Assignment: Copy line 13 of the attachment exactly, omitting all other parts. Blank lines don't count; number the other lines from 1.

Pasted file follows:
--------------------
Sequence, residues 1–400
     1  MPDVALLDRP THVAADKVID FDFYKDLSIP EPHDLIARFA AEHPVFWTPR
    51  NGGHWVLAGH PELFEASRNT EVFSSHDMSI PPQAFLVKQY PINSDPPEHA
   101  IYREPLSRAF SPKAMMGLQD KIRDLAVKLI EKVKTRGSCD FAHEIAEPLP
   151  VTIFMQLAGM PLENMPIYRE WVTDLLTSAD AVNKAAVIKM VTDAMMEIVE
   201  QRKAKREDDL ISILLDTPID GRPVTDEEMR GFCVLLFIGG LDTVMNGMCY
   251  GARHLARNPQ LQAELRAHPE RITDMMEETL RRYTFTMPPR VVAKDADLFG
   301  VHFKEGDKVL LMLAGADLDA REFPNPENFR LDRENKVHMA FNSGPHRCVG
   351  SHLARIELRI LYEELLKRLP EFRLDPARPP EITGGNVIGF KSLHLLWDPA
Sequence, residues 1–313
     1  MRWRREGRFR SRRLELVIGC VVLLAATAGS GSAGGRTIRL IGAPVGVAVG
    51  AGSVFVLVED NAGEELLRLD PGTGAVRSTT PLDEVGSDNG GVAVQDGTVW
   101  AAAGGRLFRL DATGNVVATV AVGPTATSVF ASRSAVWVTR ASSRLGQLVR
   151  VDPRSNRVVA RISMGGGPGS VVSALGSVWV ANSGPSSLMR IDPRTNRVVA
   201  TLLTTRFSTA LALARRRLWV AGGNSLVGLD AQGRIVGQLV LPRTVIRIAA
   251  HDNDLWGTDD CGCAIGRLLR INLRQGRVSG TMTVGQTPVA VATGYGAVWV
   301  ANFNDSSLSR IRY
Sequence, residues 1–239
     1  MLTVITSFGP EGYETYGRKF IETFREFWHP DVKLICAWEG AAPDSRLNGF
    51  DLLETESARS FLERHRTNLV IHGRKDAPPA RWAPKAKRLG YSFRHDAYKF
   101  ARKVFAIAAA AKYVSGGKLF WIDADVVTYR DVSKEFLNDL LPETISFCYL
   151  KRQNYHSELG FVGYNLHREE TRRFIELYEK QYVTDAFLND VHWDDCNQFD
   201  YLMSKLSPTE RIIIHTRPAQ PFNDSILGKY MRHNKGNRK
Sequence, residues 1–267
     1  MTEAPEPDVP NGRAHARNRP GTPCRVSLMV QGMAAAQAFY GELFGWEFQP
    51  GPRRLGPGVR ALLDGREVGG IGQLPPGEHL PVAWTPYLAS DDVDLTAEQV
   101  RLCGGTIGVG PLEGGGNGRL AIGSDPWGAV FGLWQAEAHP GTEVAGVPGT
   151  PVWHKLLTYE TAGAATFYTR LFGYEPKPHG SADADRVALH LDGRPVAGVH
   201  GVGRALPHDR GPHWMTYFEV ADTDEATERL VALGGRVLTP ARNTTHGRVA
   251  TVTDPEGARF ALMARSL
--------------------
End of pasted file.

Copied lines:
   101  AAAGGRLFRL DATGNVVATV AVGPTATSVF ASRSAVWVTR ASSRLGQLVR